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Batcolumn (or Bat Column) is a 101-foot-tall (31 m) outdoor sculpture in Chicago. Designed by Claes Oldenburg, it takes the shape of a baseball bat standing on its knob. It consists of gray-painted Corten steel arranged into an open latticework structure.

Batcolumn stands outside the Harold Washington Social Security Administration Building at 600 West Madison Street near downtown Chicago. The United States General Services Administration commissioned the sculpture, which was dedicated in 1977. Oldenburg originally designed the sculpture to be painted red, but he abandoned that idea to distinguish it from Chicago's Flamingo sculpture by Alexander Calder. Oldenburg instead had Batcolumn painted gray, which he also hoped would make the sculpture easier to see against the sky.[1] A plaque on the sculpture reads, "Oldenburg selected the baseball bat as an emblem of Chicago's ambition and vigor. The sculpture's verticality echoes the city's dramatic skyline, while its form and scale cleverly allude to more traditional civic monuments, such as obelisks and memorial columns."[2]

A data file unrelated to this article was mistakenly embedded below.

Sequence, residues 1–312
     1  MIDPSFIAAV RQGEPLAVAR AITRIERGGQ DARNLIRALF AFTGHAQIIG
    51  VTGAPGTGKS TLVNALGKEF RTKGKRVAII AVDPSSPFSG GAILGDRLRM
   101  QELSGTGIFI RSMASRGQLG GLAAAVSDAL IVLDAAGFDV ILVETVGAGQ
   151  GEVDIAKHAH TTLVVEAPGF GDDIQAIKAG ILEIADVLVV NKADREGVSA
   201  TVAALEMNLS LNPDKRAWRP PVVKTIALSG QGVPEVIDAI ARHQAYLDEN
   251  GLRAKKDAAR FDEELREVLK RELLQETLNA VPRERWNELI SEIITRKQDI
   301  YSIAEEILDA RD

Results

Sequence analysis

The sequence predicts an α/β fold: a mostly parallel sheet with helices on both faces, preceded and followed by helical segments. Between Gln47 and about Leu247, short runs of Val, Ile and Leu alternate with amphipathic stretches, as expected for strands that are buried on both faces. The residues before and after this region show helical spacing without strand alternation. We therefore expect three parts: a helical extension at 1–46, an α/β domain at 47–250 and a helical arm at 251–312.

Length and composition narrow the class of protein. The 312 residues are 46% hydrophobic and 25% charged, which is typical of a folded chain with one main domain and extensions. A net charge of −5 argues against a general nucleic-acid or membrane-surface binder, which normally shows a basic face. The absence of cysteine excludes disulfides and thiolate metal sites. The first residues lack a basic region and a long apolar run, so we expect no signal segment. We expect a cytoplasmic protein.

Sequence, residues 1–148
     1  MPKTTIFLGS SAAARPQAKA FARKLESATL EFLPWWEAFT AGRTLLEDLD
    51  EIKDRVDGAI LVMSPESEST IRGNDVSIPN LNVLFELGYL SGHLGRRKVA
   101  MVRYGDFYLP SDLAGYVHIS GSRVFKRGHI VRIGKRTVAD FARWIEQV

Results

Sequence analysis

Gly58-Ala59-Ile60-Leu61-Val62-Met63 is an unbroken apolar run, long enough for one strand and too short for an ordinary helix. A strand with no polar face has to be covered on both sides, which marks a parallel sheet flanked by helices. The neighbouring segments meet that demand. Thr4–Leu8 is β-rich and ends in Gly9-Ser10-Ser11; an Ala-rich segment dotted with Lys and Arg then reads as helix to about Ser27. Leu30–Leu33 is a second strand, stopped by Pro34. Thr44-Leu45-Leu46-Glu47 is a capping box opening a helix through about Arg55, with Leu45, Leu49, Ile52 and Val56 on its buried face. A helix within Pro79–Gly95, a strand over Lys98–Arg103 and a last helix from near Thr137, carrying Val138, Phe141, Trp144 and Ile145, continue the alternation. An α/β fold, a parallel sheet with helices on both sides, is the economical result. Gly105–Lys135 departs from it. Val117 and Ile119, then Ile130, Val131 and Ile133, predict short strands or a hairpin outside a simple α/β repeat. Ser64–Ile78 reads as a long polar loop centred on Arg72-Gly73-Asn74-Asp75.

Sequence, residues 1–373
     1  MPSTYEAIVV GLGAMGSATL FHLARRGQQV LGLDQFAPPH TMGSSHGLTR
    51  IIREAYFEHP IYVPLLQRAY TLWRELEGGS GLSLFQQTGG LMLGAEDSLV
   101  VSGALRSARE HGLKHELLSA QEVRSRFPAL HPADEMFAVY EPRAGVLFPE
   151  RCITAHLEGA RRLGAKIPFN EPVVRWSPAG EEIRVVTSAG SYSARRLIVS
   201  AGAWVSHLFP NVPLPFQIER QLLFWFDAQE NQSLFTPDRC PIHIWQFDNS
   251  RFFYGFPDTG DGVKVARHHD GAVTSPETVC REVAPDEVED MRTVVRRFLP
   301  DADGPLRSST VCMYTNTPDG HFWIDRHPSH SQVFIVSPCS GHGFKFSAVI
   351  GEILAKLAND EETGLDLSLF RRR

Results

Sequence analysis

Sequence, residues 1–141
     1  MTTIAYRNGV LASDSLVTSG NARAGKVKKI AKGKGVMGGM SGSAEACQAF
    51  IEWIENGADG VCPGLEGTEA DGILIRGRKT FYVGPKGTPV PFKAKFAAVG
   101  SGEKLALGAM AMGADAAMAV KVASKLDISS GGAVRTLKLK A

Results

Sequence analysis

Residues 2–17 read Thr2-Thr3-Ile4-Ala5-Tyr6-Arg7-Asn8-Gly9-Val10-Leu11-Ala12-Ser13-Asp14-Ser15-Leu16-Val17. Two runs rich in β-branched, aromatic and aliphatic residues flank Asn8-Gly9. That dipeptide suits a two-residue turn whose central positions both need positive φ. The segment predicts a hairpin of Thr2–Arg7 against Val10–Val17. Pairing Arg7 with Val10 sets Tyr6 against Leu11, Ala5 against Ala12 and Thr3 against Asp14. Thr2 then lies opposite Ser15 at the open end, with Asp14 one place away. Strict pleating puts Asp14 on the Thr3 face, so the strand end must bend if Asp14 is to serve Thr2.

The sculpture has been a source of controversy. On the day of its dedication, a number of people came to protest, holding signs saying "Tear it down" and "Expensive joke".[3] However, Batcolumn has also had its defenders. A 2005 Chicago Tribune article named it one of the newspaper's favorite Chicago sculptures (along with Standing Lincoln and the lions outside the Art Institute of Chicago Building).[4]

See alsoEdit


  1. ^ Alan G. Artner. "'Simple, pure, suggestive object'". Chicago Tribune. April 14, 1977. A1.
  2. ^ Josh Pahigian. 101 Baseball Places to See Before You Strike Out. Globe Pequot, 2008. 67.
  3. ^ Michael Hirsley. "Some strike out at the Batcolumn". Chicago Tribune. April 15, 1977. 1.
  4. ^ Rick Kogan (March 6, 2005). "Three treats to view at the outdoor gallery". Chicago Tribune. p. 5. Retrieved 2011-05-03.

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